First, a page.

People are fleeing Honduras every day. Staying put is impossible with gang violence and human rights violations mounting in Honduras, but the journey to the United States is turned into a nightmare by the Guatemalan and Mexican authorities.
No wonder UNHCR is calling these people “the world’s most vulnerable refugees”- they have no physical or legal protection, and it is becoming increasingly clear that they also have no place to go.
Honduras is one of the poorest nations in the world, with two thirds of the population living in extreme poverty, with no access to medical attention, clean water, or even electricity. There is no opportunity of any kind for Hondurans in their home country. As if this were not enough, Honduras also has one of the 10 highest per capita homicide rates in the world, with 44 homicides per 100,000 people. But civilians in Honduras often fall victims to sexual violence, extortion, and other human rights abuses as well. They call these ‘maras’, organised crimes by gangs. This violence has psychological, medical, and social repercussions.
The media has also experienced first-hand the violence in the area. Tens of journalists have been murdered in the past years with no one being punished in almost all cases. Human rights lawyers and activists in Honduras have also been attacked and at times even murdered.
These heinous murders led the Inter-American Commission on Human Rights to describe Honduras as one “of the most hostile and dangerous countries for human rights defenders” in the Americas.
What is even worse, the Honduran authorities are corrupted and abusive, contributing to this crisis instead of fighting it. Overall, Honduras seems to be right now one of the most dangerous places on Earth.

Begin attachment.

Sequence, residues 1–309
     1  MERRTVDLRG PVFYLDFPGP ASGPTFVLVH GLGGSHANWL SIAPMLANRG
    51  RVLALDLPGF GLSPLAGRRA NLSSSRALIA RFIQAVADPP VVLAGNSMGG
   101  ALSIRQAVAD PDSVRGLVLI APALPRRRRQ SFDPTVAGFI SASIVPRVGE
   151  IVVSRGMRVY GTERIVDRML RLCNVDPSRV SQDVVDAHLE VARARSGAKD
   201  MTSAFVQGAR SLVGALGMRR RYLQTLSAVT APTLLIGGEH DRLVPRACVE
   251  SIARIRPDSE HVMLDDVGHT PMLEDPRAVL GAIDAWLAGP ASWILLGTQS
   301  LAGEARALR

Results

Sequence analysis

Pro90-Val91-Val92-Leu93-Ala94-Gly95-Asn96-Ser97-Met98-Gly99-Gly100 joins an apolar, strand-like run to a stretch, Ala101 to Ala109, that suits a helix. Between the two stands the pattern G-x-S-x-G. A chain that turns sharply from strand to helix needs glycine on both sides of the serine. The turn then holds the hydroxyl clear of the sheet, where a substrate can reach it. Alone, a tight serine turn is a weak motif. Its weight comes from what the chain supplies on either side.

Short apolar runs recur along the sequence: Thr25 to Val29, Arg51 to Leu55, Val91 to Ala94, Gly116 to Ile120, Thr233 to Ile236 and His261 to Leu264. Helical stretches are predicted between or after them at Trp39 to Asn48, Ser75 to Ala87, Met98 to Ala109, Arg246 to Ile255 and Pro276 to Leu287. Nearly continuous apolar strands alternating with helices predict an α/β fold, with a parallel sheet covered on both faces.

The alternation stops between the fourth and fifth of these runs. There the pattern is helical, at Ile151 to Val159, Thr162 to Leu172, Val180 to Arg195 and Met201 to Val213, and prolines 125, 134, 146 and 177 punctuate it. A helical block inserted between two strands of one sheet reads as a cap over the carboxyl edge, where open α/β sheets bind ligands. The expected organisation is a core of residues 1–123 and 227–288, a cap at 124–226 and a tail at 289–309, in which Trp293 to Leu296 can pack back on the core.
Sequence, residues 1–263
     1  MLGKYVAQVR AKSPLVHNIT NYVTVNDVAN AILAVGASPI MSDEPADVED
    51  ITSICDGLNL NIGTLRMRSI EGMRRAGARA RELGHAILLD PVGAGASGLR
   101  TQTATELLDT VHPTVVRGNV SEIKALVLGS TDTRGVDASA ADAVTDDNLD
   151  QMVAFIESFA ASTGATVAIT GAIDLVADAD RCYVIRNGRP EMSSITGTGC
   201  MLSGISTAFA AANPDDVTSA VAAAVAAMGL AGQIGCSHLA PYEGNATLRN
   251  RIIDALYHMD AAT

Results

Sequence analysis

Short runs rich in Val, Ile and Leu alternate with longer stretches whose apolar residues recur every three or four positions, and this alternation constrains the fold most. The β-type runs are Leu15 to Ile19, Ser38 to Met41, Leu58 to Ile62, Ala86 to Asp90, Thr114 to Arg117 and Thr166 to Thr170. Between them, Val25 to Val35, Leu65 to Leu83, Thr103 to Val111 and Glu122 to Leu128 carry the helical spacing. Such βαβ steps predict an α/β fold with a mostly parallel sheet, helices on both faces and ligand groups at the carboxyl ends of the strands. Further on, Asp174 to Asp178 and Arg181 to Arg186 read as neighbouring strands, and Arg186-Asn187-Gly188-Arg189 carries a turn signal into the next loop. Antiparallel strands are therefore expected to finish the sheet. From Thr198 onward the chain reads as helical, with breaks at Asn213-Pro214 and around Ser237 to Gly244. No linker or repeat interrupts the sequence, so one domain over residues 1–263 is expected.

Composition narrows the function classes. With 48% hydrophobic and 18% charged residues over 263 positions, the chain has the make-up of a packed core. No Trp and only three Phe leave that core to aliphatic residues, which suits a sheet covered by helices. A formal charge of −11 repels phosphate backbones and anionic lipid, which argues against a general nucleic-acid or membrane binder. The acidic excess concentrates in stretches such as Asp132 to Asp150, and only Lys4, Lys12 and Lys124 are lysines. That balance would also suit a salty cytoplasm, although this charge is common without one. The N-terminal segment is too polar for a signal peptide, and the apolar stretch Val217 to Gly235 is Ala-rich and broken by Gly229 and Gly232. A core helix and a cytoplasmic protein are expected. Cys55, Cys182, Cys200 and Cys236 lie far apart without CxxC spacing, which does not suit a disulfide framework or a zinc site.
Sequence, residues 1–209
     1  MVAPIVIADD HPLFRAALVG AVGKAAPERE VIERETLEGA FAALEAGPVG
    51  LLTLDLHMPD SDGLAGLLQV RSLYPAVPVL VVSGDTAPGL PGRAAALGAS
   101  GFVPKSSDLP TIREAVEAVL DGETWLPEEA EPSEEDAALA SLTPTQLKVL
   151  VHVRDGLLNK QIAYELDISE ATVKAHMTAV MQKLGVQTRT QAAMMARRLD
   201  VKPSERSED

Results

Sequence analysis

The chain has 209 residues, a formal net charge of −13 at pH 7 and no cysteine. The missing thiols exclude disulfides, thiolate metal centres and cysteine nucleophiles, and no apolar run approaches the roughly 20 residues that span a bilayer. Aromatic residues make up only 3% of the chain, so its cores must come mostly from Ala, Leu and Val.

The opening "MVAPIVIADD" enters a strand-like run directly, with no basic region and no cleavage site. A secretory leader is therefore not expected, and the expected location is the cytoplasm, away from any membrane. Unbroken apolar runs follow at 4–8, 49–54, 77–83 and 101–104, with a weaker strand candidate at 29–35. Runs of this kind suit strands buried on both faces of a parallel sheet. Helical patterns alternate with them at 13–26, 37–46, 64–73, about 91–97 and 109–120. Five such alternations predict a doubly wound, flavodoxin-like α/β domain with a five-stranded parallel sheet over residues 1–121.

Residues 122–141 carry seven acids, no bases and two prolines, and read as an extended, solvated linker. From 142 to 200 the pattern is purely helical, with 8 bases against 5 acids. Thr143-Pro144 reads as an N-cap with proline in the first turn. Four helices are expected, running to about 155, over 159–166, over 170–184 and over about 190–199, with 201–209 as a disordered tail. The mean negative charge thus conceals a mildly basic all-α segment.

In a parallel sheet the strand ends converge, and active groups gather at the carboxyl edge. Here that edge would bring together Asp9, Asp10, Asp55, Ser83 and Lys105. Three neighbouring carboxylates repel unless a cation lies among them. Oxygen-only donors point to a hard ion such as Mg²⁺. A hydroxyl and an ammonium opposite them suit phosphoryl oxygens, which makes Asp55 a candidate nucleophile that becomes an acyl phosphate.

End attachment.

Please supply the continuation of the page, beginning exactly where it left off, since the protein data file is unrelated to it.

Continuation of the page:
Where to go?
Hondurans want a better and safer life for themselves and for their families and they think they will find it in the United States. Thousands have embarked on a dangerous and exhausting journey to ‘The Land of Opportunity’ via Guatemala and Mexico in the past year, with the last caravan setting off from San Pedro Sula on the 13th October. This caravan has been slowly advancing through Guatemala and Mexico: most Hondurans go on foot, while others travel in overcrowded trucks. They are walking on highways, they are crossing rivers, they are hiking through forests – day in day out, irrespective of the weather conditions.
This exodus is a heartbreaking sight. People can only bathe in rivers or by using fire hydrants in the street. Some Hondurans brought with them tents so they can enjoy some intimacy when they stop to rest. But there are others who sleep under the clear sky and take refuge wherever they can when it is raining. Exhausted children are sleeping on the ground or on the side of the road when the walk gets unbearable. This journey would be difficult even for a fit adult, let alone for a child.
Guatemala and Mexico